Decepticon Revolver and Six Shot – Transformers: Generation – Titans Return – Leader Class

I went to the Target near work, where I tend to go every Thursday. It is not close to home, so I frequent there once a week after work. Generally, they do not have anything terribly good. Most of the time the Marvel Legends aisle is warming some pegs with old waves of figures. The Star Wars 6 inch figures are generally a bunch of Rogue One figures we all already have. And on the Transformers aisle, I would be surprised if I could find Robots in Disguise one-step changers, which I have zero interest in collecting.

To my amazement, they had some of the older Titan Master single packs. And then I saw him on the bottom shelf. In all of his giant glory was Six Shot. I knew he was coming, but the bright teal and purple was a sight to behold. I was half excited. I knew he was a needed figure for the collection, but at the same time, I was a little apprehensive about a six-changer, or a sextuple-changer. Generally the triple changers do not do terribly well. You get one mode that is good, and a few modes that are so-so. So, what comes of a guy that is made up of one robot, one wolf, and four vehicles?

First off, robot mode. This is Six Shot. 1987 could stand with 2017 and feel like they were looking in an updated mirror. It is clear that Hasbro went to great lengths to make this Six Shot reflect the Six Shot from 30 years ago, and not in an homage kind of way. They went to a lot of work to recreate the original with so much attention to detail.

He has a different head than his G1 counterpart, but that is to be expected. This version is a Titan Master, so Revolver is hiding under that helmet. This is one of the more fun Titan Master helmets with the big Leader Class figures. With the others, they have a full helmet that folds out of the way to allow the Titan Master to be removed. In Six Shot’s case, the top of the helmet folds back and allows Revolver to be removed straight out of the top, like removing a brain. This makes for a more solid looking larger scale head, which hasn’t always worked so effectively with the other Leader Class figures.

As you circle Six Shot, you can start to see all of the different parts hanging off, around his body. There are wheels, treads, wings, nose cones, claws, a head, a couple of different cockpits, the list goes on.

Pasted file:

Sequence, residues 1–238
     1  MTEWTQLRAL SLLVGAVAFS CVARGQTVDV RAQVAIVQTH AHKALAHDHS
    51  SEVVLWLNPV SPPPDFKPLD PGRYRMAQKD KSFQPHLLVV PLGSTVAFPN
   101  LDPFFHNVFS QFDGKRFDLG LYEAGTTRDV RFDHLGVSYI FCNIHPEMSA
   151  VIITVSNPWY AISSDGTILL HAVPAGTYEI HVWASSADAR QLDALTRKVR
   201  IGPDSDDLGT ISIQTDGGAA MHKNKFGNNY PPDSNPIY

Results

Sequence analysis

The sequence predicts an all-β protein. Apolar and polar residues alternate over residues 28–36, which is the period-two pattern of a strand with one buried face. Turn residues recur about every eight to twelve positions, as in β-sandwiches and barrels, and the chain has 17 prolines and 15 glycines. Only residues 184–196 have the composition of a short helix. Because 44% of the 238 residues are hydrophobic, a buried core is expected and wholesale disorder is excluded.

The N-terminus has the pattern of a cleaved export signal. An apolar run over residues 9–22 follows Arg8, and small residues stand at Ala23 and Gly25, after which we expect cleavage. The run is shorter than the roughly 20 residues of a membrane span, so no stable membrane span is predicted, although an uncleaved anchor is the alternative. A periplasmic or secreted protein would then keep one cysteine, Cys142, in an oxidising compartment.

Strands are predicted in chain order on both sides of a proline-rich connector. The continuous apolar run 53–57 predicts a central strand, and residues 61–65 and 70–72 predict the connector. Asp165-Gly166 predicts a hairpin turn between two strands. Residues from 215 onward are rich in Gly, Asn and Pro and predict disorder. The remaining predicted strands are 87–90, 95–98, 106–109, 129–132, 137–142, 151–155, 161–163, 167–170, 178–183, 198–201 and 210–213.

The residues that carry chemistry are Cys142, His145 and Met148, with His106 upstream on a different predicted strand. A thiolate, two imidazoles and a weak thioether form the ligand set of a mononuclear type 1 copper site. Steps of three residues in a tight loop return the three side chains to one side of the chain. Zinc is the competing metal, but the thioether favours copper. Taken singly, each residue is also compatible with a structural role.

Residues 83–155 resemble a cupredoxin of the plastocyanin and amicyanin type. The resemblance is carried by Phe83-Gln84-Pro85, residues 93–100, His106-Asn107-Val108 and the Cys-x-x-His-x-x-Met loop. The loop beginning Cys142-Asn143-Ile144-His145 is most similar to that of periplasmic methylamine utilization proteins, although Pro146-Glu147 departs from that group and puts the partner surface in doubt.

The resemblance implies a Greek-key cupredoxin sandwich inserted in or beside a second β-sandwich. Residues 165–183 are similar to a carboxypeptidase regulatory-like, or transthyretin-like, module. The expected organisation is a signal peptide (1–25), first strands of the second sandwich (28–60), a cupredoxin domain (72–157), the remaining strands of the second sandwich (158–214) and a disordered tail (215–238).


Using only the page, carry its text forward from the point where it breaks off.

Revolver, the Titan Master looks like a little ninja of his own. He is modeled after Jack, a Headmaster from the show of the same name, who was actually killed by Six Shot. That is some interesting irony, that those two would be teamed up.

Now, onto the modes. We are following the directions in a linear transformation. Each of the directions builds off of the last mode, finishing back with the robot.

First up is the tank mode. The treads are rotated around, and the legs form the cannons of the tank. There are four cannons on the legs that are black, and Six Shot’s 2 hand cannons become additional cannons for this mode. It is a stubby little vehicle, but it is well armored. There are a few parts that are a bit out of place, like the wings on the top, and the wheels hanging off the front end. I like this mode. I would have liked to see the turret actually rotate, but that is a lot to ask from a pair of legs. They already have a LOT of engineering for all of the jobs they have to do.

The next transformation is into the jet. It looks very similar to the space ship that Astrotrain and Sentinel Prime turn into. I like seeing the design cues carrying through the series.

He is quite big as the jet, with his hand blasters becoming the main weapons for the ship. One problem with this mode is the back part, where the arms hang off the back. They do not peg into place in this mode, so they flop around a bit.

Next up is the car mode. This is quite the armored vehicle. Very different from the tank we saw before, this vehicle is longer and looks like it has a front end capable of crashing through any wall.